Nurse Betty

Every so often, usually at the end of a long dry spell, a movie comes along that cuts through the garbage and reminds you what movies are for. Pulp Fiction was one of those films that stated loud and clear, “This is what you want, you just didn’t know it until now”; L.A. Confidential was another, and now there is Nurse Betty — a characteristically deceptive name for a movie of such surprising depth. It left me more than a little rattled; with a director like Neil LaBute (In the Company of Men, Your Friends & Neighbors) and a cast including Renée Zellweger, Morgan Freeman and Chris Rock, I expected to be amused. I didn’t expect to be moved.

Zellweger stars as Betty Sizemore, a Kansas waitress married to a loutish car salesman named Del (LaBute regular Aaron Eckhart). The first reel or so is like the expected LaBute film in miniature: Del is thoroughly contemptible — he cheats on Betty and forgets her birthday (he absently eats the birthday cupcake given to her at work) — and he gets a swift comeuppance when he runs afoul of two hit-men, Charlie (Freeman) and Wesley (Rock), who accompany him to his house looking for some hidden drugs. Unbeknownst to everyone, Betty is also in the house, watching her favorite soap opera A Reason to Love at low volume. She eavesdrops on the men’s business meeting long enough to see Del dispatched in a particularly gruesome way not seen much in movies outside of Westerns.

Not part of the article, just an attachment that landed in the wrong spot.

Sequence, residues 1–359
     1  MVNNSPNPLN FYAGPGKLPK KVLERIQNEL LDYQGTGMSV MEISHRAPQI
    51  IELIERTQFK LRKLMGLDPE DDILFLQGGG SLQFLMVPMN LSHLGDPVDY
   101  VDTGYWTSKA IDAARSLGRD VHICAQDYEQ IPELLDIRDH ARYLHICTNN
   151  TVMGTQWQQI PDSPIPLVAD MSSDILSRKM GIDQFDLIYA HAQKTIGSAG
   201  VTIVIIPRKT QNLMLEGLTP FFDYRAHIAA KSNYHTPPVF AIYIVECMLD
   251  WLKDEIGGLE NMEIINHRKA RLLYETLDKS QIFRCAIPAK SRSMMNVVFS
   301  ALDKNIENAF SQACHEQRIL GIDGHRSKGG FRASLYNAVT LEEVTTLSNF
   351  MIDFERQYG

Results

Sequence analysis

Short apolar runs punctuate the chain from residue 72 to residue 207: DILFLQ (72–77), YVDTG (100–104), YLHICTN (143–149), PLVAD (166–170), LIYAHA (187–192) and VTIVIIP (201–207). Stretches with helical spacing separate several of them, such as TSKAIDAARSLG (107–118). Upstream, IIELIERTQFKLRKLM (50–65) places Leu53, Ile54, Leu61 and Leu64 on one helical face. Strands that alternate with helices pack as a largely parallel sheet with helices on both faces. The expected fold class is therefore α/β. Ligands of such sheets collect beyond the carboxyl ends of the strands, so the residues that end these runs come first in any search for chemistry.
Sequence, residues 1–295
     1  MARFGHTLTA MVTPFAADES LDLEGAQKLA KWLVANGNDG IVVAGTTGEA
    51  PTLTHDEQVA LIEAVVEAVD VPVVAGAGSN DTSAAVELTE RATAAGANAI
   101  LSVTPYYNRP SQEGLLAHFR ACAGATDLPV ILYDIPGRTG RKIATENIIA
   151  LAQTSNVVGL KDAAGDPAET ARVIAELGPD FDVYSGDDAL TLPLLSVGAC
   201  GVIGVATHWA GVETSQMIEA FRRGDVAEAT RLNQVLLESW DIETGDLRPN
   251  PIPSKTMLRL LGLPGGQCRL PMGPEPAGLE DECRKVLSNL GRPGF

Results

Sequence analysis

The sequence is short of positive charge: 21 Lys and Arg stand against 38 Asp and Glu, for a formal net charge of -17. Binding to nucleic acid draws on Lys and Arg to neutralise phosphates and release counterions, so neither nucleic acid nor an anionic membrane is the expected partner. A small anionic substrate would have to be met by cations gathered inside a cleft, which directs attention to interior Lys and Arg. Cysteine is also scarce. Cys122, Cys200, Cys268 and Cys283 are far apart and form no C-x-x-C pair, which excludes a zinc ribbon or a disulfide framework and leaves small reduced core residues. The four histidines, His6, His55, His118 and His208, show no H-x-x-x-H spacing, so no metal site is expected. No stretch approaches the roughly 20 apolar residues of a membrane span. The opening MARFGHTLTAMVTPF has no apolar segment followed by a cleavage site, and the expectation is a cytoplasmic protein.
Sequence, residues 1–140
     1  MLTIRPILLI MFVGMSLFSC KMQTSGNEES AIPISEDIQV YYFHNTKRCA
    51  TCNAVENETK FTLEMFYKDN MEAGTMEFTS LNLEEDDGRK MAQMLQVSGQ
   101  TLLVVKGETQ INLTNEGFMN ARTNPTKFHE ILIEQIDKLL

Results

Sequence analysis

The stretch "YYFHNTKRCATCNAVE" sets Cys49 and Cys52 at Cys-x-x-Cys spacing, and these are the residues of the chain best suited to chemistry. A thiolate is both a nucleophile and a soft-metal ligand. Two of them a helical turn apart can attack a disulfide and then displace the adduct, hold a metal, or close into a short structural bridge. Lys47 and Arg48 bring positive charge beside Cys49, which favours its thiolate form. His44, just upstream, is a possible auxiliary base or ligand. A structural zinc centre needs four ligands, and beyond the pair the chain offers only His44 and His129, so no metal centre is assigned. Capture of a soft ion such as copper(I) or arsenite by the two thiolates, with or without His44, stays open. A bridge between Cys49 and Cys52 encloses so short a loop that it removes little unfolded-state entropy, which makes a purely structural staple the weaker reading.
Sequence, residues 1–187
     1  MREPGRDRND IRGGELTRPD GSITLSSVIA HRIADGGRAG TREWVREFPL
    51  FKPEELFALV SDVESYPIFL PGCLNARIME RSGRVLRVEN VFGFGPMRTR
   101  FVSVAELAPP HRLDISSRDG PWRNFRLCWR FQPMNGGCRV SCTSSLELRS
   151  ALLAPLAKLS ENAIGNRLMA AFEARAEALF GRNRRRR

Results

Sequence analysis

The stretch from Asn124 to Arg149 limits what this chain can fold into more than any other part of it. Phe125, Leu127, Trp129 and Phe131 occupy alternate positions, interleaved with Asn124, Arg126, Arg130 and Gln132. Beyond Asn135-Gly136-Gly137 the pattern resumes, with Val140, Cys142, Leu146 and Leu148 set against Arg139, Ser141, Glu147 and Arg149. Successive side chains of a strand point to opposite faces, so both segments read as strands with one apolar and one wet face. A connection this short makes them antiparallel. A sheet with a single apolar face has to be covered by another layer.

The entire sweetly optimistic movie grows out of the shock and horror of Del’s murder, and Betty’s reaction to it. Betty can’t process it; somewhere in her mind, she puts a wall up against what she’s seen, and is compelled to go to Los Angeles to find Dr. David Revell, a dashing doctor on A Reason to Love. Revell is played by a hack actor named George McCord, who in turn is played by the much more skillful Greg Kinnear. Like Robin Williams’ medieval trip in The Fisher King, Betty’s fantasy is literally escapist, a flight from ugly reality, and she latches onto the blank Dr. Revell as the embodiment of true love and happiness. Meanwhile, Charlie and Wesley hit the road in pursuit of Betty, and Charlie develops his own fantasy image of Betty — her image draws him out of cynicism and makes this seasoned assassin believe that innocence is actually still possible.

It would be a mistake to think that LaBute wants us to laugh at Betty or Charlie for their delusions. This is the first movie he’s directed from a script he didn’t write (John C. Richards and James Flamberg did the screenplay, a prizewinner at Cannes), and it suggests a new direction for LaBute — not sell-out, exactly, but generosity of spirit. Nurse Betty has an undertone of sadness and trauma even in the cheeriest of moments; we don’t want Betty to snap out of her fugue state and remember everything, and when the actor George brings Betty to the set of A Reason to Love and asks her to act with the cast — thinking that she’s an ambitious actress with a great gift for improv — Renée Zellweger’s performance, which up till then had been soulfully touching, comes close to heartbreak.

LaBute treats his cast gently (except maybe for Eckhart, who’s still paying for the creep he played in Company); he gets an atypical turn out of Chris Rock, not remotely his usual hyperactive self here — I don’t think he smiles once. Freeman, too, puts across Charlie’s increasingly giddy attraction to Betty, sharing an imaginary dance with her at the Grand Canyon; left to his own devices, the old LaBute would never have allowed himself such a … well, romantic moment. I read Nurse Betty as LaBute’s movement from theater (which his previous two movies essentially were: filmed plays) to movies — the escapist spell they can cast on us. Without an ounce of cleverness or hipness, the film quietly speaks volumes about why we go to movies, and then proves it.

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